28 Pages Posted: 28 May 2011
Date Written: May 26, 2011
Tweet, poke, post, friend, like, blog, link, comment, and share: the opportunities to communicate electronically using social media tools seem never ending. Facebook, Twitter, YouTube, MySpace, and LinkedIn are just a few of the social media sites that allow people to communicate and “connect” with others across the world in seconds. E-mail and sending text messages are two other ways to communicate electronically, but neither e-mails nor text messages can keep up with the speed, accessibility, and popularity of social media. Social media is entrenched in our lives as evidenced by the fact that adult profiles on online social media sites are up from only 8% in 2005 to 47% in 2010. The legal profession has also jumped aboard the social media bandwagon with 40% of judges reporting they are on social media sites and 56% of attorneys reported having a presence on social media sites. Whichever “social networking” or communication method is chosen by an individual, the technology has made that communication instantaneous. Unfortunately, social media communication is also dangerous to the integrity of the courts.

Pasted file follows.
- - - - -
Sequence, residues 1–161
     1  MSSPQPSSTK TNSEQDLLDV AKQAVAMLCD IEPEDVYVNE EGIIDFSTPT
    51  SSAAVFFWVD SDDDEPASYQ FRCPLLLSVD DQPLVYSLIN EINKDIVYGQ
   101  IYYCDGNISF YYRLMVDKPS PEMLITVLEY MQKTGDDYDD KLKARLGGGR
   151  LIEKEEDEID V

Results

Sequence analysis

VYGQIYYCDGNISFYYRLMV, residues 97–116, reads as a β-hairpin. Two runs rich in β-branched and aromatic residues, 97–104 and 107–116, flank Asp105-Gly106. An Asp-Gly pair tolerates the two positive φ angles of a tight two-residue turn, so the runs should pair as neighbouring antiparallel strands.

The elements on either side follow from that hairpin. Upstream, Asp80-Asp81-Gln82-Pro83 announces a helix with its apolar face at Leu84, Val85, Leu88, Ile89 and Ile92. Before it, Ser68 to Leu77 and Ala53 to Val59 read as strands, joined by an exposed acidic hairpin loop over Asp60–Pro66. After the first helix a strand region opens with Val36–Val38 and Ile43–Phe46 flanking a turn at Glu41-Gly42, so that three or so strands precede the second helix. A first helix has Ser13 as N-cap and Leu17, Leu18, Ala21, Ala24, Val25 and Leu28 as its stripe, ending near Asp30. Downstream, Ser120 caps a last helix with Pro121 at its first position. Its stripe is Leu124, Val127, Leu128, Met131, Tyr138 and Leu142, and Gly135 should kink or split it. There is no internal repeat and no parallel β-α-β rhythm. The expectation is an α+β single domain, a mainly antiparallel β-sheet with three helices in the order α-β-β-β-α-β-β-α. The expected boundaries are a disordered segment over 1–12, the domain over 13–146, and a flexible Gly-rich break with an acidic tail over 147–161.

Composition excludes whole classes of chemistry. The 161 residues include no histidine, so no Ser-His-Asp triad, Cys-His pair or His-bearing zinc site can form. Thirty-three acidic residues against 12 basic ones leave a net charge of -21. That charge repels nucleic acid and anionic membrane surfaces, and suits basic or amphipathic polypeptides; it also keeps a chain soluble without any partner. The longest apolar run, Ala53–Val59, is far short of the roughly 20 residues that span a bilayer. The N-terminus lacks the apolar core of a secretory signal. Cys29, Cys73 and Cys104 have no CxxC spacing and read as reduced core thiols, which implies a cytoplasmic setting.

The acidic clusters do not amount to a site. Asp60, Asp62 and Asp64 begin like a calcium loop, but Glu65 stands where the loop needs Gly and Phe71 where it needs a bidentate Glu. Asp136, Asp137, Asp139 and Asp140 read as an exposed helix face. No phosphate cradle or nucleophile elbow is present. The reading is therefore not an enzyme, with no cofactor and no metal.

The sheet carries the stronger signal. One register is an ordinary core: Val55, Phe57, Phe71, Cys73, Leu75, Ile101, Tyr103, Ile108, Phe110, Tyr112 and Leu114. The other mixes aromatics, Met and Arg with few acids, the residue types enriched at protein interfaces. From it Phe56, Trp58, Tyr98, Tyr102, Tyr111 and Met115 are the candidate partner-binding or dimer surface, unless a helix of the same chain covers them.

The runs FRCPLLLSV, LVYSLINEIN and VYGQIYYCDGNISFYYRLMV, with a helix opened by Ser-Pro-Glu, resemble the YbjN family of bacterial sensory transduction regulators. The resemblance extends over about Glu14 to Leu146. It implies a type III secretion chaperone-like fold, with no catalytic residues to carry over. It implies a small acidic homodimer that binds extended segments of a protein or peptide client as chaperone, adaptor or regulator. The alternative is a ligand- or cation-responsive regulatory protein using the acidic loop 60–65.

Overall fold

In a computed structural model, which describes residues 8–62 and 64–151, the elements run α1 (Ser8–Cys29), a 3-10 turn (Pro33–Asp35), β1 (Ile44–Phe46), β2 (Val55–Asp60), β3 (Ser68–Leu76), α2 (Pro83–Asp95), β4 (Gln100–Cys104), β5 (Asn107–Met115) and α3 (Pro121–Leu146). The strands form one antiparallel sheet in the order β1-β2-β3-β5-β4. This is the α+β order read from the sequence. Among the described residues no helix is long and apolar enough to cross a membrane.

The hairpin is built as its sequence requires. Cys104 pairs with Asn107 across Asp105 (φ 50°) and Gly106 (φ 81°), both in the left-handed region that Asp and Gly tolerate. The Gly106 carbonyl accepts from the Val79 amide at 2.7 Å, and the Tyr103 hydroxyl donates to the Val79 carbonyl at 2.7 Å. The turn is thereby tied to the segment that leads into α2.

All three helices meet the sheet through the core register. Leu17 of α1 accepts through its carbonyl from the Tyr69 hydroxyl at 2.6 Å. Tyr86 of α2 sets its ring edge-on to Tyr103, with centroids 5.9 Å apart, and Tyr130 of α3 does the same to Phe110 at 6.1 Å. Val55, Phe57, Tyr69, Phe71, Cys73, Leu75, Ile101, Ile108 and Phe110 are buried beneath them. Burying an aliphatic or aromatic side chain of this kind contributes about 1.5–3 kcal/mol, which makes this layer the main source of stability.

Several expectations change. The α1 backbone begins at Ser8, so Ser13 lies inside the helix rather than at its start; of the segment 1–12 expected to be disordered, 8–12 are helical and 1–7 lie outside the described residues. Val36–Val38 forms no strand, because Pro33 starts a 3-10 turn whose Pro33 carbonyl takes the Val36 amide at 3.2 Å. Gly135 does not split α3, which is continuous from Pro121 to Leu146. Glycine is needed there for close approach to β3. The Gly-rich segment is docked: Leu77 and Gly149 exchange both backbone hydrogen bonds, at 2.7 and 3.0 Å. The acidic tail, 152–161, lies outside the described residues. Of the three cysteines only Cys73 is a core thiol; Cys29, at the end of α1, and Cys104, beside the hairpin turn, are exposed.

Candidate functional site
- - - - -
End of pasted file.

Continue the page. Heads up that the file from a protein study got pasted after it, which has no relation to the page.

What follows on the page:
Keywords: social media, social networking, twitter, Facebook, juror misconduct, jury instruction, judicial ethics, ethics
JEL Classification: K00, K10
Suggested Citation: Suggested Citation
Janoski-Haehlen, Emily M., The Courts are all a‘Twitter’: The Implications of Social Media Use in the Courts (May 26, 2011). Valparaiso University Law Review, Vol. 46, 2011. Available at SSRN: https://ssrn.com/abstract=1853583